The Networking Disconnect
Who here has ever been to a one-off networking event, or an event described as a networking opportunity? Ok, most of us.
Who received genuine business opportunities from the event? A couple? Any ideas why most of us didn’t receive anything?
The couple of members who did receive something most likely got lucky. We shouldn’t go to networking events looking for sales opportunities.
If everyone is looking for business, there are no buyers, who can you sell to? Other sellers? It makes no sense. This is called the Networking Disconnect, a phrase coined by Dr. Ivan Misner, BNI Founder, and Chief Visionary Officer.
When we attend ANY networking event we should be trying to farm, not hunt. Dr. Misner created BNI and Givers Gain® to help stop the Networking Disconnect.
Is Networking (other than BNI) a Waste of Time?
Absolutely not. It’s essential to widen our network, to build relationships to help our businesses and our fellow BNI Membership. If our network is limited to clients and our BNI chapter, it’s two dimensional.
We need to also belong to business associations, PTAs, chambers of commerce, professional bodies, sporting clubs, the gym etc. to help our BNI chapter.
How we approach these types of networks is the key, we need to also treat them as farming not hunting. We shouldn’t go to sell; we should be there to help others.
Rule 1: Be Interested, Not Interesting
At networking events, showing interest is key. Trying to be interesting or pretending to be extroverted isn’t.
Some can be entertaining, most of us can’t but we can be genuinely interested in the other person.
Asking questions rather than dominating the conversation will help to start building a relationship.
Rule 2: Don’t Be Selling
Some people at networking events practice ABS: Always Be Selling.
Even if someone has a genuine interest in your product, you won’t make a sale at the event, so don’t take interest as an opportunity for a product demonstration.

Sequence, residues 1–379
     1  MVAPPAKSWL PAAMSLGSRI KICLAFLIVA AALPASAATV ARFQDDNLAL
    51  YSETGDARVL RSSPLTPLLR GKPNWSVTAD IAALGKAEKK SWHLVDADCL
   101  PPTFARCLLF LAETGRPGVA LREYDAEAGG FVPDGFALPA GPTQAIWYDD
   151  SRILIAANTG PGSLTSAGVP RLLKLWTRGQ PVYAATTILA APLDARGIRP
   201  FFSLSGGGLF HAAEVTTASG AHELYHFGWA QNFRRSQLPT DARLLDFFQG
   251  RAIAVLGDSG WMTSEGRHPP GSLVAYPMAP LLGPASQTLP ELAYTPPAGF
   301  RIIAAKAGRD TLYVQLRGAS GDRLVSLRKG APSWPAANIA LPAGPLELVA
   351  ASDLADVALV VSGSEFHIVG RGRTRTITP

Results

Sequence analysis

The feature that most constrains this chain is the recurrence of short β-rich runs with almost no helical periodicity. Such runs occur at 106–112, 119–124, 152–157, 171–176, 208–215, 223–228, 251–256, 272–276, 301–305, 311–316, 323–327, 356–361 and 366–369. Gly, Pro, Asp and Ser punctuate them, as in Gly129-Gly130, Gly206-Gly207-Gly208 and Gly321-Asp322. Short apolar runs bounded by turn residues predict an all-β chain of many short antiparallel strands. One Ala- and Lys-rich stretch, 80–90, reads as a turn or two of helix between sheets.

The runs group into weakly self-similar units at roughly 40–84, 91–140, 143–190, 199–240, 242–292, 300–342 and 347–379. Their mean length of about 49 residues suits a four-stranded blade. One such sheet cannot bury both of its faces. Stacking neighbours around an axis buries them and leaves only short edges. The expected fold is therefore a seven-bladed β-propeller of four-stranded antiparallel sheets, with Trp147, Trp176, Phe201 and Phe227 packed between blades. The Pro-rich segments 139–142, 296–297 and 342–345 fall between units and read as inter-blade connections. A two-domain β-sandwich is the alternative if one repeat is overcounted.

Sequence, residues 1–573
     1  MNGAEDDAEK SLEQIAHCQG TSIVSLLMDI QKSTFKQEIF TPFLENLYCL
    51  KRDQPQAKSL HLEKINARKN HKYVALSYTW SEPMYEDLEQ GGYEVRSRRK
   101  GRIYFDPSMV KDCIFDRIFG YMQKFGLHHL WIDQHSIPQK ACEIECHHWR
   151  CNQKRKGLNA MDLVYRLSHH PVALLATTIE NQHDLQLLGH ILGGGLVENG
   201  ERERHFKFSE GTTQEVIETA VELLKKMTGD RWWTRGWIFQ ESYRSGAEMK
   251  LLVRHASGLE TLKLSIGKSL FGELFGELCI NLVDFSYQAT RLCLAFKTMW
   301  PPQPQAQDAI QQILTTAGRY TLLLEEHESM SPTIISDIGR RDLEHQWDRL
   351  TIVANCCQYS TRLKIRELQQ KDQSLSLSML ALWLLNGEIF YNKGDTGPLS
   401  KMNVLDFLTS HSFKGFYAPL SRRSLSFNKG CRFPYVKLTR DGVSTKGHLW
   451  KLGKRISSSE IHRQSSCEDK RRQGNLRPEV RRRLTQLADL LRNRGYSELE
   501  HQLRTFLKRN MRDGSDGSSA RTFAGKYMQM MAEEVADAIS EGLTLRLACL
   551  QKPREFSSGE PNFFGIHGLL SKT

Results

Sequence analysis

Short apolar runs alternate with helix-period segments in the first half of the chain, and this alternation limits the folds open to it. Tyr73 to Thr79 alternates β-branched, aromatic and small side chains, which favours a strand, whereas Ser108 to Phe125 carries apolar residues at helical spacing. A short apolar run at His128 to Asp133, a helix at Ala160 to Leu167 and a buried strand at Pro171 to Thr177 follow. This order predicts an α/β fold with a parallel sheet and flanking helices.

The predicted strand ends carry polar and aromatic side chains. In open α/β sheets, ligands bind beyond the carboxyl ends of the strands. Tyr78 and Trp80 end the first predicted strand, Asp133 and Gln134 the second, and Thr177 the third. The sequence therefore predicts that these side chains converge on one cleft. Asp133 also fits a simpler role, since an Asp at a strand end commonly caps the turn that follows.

Book that for another time. Remember, we are farming not hunting.
Rule 3: Have An Exit Strategy
It’s possible to get trapped with someone who doesn’t know rule 1 or 2. Or are just plain boring. Have a strategy to exit those conversations.
Have someone to spot that you need to talk to, a bathroom visit you need to make, or a time you have to leave by.
Make sure you leave if you use this strategy! Does anyone have any other polite ways of excusing yourself?
Rule 4: The Gold is in the Follow Up
Back in the good old days of face-to-face networking, we left events with a fistful of business cards that sat on our desk for months before ending up in the bin or a drawer somewhere.
Anyone still have a pile of those? Great for the printer in the chapter but it’s a pile of wasted opportunities. It’s the same in the digital age.
Meeting online via Zoom or LinkedIn without a follow-up strategy for people we can help or we think can help us is also a wasted opportunity.
24/7/30 Follow Up System
When you meet someone, you want to build a business relationship with, really in any setting including visitors to BNI, religiously operate a 24/7/30 follow-up system.
Within 24 hours, send an email or even better a note by snail mail (really a cut through these days). Don’t sell to them, just “it was nice to meet you” is fine. Add a 7-day reminder to your diary for the next follow-up.
Within 7 days, connect with them on their social media of choice. Again, don’t sell to them, we’ve all had that contact request on LinkedIn only to then be spammed with their sales pitch. It’s always discourteous. Mention something they’ve posted that’s interested you. Set another reminder in your diary for 30 days.
Within 30 days, reach out for a face-to-face or Zoom type call. Have a reason to meet, one that interests them. We still aren’t trying to sell to them. It is still more important to be interested than interesting.
You want to be interested in them and ideally, look for opportunities or ways that you can possibly help them. But no matter what, it is about building a relationship. After this time, you will be building a relationship if there is a mutual interest, and opportunities for you both will flow from there.
It sounds like a lot of work and sometimes you must kiss a lot of frogs to find a prince but if you don’t follow up, it is guaranteed that you will never build the relationship that you want with the people that you need to build relationships with.
You must follow up or why go to those events in the first place?
Even a blind squirrel can find a nut. We can stumble over business. But real referral business comes from relationships, and relationships come from meeting people with some regularity.
You know, we all have friends with whom we have lost touch, and we have lost touch with them through benign neglect. It wasn’t on purpose but we just kind of stopped connecting with them.
If you never start to build that relationship, you are never going to have that relationship.